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The Five Most Important Ideas In Up From Slavery

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“Up from Slavery” is an autobiography written by Booker T. Washington. The book mainly talks about Washington’s life and how he had over come a lot of obstacles to reach his success. The book teaches us a lot of things, some of them are still useful today. There are five significant ideas that Booker wanted the readers to learn from his book; these five things are: education, slavery, work, the relationship between two races and the meaning of success.

The most obvious and significant idea of this book is the value of education. As a young man, Washington used to admire a man who can read the newspaper for the people in his town. He realized the important of education; he said “The picture of several dozen boys and girls in a school room engaged in study made a deep impression upon me.” (7) Despite the fact that he was born a slave and he had to work hard in order to survive, Washington never once gives up on the thought of learning. He said “I remembered only that I was on fire constantly with one ambition, and that was to go to Hampton.” (Page 43) With only a little money he saved from working at the coal-mine and at Mrs. Ruffner’s, he walked over two hundred miles to the Hampton Institute to seek for a better education. Through this, we learn a lesson from Washington, that education is indeed very important and it is even more important now a day because you can’t get any kind of job without an education.

The second idea that Washington wanted to address in his autobiography is the affect of slavery. He believed that slavery had not only affected the Black but also the White race. Washington described his life as a slave boy at the plantation as “the most miserable, desolate, and discouraging...” (Page 1) He had to work hard from a very young age and had to sleep on the floor of a small cabin which was the home of his five-member-family. Obviously, the African-American had struggle through the terrible impact of slavery. However, not only the African-American, but slavery also affected the White race. One of the examples is the Civil War; Booker once addressed “… There was bitter feeling toward the white people on the part of my race, because of the fact that most of the white population was always fighting in a war which should result in keeping the Negro in slavery if the South was successful.” (Page 12) This idea, however, is not important in the year of 2008 because slavery is a subject_ a time period in which Americans are trying hard to forget.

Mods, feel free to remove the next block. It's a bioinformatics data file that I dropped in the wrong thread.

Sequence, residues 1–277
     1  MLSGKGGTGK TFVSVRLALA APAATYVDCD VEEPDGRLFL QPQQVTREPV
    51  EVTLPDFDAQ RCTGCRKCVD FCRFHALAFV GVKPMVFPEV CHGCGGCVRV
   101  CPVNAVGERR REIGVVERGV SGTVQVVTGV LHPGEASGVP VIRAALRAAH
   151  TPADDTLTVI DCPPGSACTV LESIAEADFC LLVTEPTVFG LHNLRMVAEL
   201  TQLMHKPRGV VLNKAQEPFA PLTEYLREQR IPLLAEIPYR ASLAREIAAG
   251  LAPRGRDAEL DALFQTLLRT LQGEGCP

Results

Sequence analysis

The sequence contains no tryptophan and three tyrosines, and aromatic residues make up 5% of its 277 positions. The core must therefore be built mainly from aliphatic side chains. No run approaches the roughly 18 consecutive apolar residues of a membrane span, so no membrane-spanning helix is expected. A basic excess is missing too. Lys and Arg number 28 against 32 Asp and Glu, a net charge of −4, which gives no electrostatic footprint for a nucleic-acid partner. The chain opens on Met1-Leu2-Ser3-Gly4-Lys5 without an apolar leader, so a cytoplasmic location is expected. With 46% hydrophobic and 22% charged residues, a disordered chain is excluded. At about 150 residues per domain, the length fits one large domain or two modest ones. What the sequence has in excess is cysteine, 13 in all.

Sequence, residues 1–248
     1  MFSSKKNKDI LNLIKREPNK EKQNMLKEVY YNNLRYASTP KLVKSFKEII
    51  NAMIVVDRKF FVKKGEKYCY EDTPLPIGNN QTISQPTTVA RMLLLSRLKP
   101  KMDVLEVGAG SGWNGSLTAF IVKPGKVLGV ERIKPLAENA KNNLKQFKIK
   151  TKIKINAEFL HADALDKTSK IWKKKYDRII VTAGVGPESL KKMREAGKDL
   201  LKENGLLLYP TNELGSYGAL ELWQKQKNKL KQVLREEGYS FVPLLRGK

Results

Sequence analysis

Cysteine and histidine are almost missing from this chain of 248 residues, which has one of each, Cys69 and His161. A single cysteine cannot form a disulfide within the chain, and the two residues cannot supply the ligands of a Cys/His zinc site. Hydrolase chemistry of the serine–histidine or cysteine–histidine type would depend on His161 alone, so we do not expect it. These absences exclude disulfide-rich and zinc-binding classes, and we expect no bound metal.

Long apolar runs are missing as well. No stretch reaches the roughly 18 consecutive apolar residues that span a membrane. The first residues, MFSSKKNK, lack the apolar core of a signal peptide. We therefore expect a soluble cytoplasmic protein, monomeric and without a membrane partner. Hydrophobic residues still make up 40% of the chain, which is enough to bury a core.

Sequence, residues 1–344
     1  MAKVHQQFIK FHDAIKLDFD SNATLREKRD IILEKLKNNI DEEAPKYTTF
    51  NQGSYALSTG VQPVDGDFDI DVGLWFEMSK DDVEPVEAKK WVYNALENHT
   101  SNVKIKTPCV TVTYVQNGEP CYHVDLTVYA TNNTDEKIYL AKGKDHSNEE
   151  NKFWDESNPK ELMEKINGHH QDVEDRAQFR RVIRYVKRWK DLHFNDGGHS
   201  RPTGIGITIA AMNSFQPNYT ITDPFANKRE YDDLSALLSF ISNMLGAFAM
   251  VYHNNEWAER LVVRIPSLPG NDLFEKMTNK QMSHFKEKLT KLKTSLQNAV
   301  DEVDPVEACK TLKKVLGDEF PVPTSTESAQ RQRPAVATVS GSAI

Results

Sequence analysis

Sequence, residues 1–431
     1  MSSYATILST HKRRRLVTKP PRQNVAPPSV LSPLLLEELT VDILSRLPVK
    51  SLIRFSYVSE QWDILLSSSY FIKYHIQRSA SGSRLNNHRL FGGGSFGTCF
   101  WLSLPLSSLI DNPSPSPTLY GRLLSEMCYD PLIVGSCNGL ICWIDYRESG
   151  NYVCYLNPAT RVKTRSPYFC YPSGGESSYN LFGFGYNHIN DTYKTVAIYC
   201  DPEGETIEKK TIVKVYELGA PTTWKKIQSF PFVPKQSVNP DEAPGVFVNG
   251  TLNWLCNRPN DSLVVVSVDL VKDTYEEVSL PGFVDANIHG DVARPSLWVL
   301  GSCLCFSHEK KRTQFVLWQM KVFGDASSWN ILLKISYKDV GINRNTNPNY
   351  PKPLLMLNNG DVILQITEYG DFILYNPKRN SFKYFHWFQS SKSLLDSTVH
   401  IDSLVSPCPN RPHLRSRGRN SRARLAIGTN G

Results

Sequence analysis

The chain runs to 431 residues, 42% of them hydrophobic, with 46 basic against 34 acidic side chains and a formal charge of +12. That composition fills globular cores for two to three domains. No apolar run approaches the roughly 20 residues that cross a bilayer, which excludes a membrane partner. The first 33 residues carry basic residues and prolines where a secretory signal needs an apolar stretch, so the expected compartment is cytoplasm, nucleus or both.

The third idea that Washington wanted us to learn is the dignity of work. The greatest lesson he learned through the four years he spent in Hampton’s Institute was the love for labour. He stated “At Hampton I not only learned that it was not a disgrace to labour, but learned to love labour, not alone for its financial value but for labour’s own sake and for the independence and self-reliance which the ability to do something which the world wants done brings.” (Page 73) He later on taught this lesson to his own students at the Tuskegee Institute. The student learned to love working as much as they love to study. This idea is still important today because everyone need to work no matter how much



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